2D-GolgiTrack—a semi-automated tracking system to quantify morphological changes and dynamics of the Golgi apparatus and Golgi-derived membrane tubules

Jindaporn Yaothak, Jeremy C. Simpson, Linda F. Heffernan, Yuh Show Tsai*, Chung Chih Lin

*Corresponding author for this work

Research output: Contribution to journalArticlepeer-review

Abstract

The Golgi apparatus and membrane tubules derived from this organelle play essential roles in membrane trafficking in eukaryotic cells. High-resolution live cell imaging is one highly suitable method for studying the molecular mechanisms of dynamics of organelles during membrane trafficking events. Due to the complex morphological changes and dynamic movements of the Golgi apparatus and associated membrane tubules during membrane trafficking, it is challenging to accurately quantify them. In this study, a semi-automated 2D tracking system, 2D-GolgiTrack, has been established for quantifying morphological changes and movements of Golgi elements, specifically encompassing the Golgi apparatus and its associated tubules, the fission and fusion of Golgi tubules, and the kinetics of formation of Golgi tubules and redistribution of the Golgi-associated protein Rab6A to the endoplasmic reticulum. The Golgi apparatus and associated tubules are segmented by a combination of Otsu’s method and adaptive local normalization thresholding. Curvilinear skeletons and tips of skeletons of segmented tubules are used for calculating tubule length by the Geodesic method. The k-nearest neighbor is applied to search the possible candidate objects in the next frame and link the correct objects of adjacent frames by a tracking algorithm to calculate changes in morphological features of each Golgi object or tubule, e.g., number, length, shape, branch point and position, and fission or fusion events. Tracked objects are classified into morphological subtypes, and the Track-Map function of morphological evolution visualizes events of fission and fusion. Our 2D-GolgiTrack not only provides tracking results with 95% accuracy, but also maps morphological evolution for fast visual interpretation of the fission and fusion events. Our tracking system is able to characterize key morphological and dynamic features of the Golgi apparatus and associated tubules, enabling biologists to gain a greater understanding of the molecular mechanisms of membrane traffic involving this essential organelle. [Figure not available: see fulltext.]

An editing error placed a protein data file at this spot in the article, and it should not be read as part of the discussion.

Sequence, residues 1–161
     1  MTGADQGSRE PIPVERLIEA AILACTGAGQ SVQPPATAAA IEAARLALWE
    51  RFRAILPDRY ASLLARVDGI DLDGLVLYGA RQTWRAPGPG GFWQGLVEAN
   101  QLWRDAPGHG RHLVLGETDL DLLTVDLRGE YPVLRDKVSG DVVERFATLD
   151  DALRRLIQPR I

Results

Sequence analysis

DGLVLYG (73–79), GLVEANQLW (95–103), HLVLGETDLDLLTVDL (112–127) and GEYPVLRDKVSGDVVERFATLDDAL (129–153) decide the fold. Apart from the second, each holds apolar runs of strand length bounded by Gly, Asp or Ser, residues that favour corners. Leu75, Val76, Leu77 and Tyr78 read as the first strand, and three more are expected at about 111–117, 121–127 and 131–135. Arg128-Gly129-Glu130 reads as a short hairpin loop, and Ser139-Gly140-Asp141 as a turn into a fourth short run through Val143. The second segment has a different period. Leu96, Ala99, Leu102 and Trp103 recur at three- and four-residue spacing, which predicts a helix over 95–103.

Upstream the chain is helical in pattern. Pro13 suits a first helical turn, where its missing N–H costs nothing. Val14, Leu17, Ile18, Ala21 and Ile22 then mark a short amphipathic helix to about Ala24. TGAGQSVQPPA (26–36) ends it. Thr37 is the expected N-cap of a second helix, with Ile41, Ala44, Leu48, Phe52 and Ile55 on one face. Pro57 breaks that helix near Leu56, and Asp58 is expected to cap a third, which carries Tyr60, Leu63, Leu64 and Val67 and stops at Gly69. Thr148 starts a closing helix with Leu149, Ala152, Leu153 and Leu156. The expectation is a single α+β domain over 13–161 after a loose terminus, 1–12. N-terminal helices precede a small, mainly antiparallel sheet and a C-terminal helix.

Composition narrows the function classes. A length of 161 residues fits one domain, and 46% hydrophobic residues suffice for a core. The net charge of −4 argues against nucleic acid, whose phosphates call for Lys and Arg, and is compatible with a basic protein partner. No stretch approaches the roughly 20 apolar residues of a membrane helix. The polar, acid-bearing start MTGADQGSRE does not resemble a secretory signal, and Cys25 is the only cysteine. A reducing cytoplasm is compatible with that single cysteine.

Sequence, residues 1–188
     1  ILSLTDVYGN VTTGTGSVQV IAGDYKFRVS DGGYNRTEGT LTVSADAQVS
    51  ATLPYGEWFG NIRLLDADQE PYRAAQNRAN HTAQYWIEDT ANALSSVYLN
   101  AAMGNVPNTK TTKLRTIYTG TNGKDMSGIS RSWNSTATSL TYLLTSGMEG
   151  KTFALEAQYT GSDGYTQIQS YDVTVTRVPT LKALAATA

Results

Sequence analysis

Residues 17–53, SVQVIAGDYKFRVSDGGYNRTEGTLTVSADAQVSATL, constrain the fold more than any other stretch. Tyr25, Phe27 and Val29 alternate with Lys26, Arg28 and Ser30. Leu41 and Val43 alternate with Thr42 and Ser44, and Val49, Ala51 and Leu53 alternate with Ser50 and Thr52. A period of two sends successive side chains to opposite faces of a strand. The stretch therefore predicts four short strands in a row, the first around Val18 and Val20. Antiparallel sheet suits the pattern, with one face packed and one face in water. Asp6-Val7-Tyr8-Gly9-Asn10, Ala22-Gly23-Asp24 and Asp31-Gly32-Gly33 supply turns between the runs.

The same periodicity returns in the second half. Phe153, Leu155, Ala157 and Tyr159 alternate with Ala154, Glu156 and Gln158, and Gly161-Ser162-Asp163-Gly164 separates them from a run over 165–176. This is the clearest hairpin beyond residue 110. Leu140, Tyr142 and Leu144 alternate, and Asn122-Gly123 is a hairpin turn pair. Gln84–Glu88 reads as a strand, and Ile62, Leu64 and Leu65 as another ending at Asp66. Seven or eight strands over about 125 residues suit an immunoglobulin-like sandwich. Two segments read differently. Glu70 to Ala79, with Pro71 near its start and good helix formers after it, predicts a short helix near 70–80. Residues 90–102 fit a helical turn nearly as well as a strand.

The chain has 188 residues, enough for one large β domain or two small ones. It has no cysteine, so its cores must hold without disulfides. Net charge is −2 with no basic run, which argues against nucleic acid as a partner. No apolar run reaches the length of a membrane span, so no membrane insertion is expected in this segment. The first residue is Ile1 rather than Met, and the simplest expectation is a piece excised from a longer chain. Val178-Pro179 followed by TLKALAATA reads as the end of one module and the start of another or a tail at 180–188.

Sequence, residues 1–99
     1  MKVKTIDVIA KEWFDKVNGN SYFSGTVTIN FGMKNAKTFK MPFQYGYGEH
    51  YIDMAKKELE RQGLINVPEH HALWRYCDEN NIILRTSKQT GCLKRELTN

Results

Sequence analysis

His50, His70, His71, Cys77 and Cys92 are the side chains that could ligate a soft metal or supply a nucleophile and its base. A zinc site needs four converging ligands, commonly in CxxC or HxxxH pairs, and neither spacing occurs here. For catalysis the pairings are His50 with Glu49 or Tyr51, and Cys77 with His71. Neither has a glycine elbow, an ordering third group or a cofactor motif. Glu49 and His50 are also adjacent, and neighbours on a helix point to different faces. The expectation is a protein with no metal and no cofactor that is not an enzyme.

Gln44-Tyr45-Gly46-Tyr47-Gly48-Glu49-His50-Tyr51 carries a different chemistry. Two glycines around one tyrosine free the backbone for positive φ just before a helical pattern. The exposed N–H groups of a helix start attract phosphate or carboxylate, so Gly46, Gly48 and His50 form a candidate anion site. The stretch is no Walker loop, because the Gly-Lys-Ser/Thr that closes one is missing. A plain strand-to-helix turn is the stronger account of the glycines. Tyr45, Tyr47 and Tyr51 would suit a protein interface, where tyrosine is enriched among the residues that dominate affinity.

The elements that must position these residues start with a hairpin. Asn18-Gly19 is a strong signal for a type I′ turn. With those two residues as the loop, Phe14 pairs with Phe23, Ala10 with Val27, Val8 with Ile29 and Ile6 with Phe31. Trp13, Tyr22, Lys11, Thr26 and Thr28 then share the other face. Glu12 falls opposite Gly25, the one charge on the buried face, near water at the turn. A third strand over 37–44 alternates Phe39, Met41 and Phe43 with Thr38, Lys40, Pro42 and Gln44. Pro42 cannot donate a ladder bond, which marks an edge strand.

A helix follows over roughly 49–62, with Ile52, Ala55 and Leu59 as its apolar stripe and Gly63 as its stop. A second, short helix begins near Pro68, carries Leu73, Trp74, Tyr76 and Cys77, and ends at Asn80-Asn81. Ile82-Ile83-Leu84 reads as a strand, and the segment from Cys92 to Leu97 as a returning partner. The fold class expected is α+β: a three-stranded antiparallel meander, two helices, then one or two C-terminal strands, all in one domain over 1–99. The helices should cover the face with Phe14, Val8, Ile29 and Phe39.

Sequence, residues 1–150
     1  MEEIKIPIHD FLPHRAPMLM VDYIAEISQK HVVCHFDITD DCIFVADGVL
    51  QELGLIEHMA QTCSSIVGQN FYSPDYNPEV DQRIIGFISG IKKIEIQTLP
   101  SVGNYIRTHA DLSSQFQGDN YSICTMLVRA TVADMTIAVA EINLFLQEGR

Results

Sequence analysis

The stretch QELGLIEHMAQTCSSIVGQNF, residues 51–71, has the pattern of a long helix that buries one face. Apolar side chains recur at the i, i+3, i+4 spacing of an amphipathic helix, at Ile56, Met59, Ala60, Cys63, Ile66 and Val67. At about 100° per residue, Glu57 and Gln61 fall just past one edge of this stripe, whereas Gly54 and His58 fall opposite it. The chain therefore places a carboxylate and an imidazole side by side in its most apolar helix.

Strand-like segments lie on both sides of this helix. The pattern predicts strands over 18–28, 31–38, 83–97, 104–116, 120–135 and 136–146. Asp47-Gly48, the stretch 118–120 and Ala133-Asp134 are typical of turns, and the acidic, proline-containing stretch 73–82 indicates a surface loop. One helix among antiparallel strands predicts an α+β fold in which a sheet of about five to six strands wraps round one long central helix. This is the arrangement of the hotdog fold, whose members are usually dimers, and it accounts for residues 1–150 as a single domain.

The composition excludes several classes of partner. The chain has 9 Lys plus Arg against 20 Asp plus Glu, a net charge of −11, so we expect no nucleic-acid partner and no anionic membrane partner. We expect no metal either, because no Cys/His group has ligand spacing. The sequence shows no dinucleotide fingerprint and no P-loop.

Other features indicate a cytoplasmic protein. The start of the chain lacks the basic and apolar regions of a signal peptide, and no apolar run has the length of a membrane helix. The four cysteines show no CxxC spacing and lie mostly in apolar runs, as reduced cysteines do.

Original languageEnglish
JournalMedical and Biological Engineering and Computing
DOIs
StateAccepted/In press - 2021

Keywords

  • 2D-GolgiTrack
  • Fission
  • Fusion
  • Golgi apparatus
  • Golgi tubules
  • Rab6A
  • Tracking

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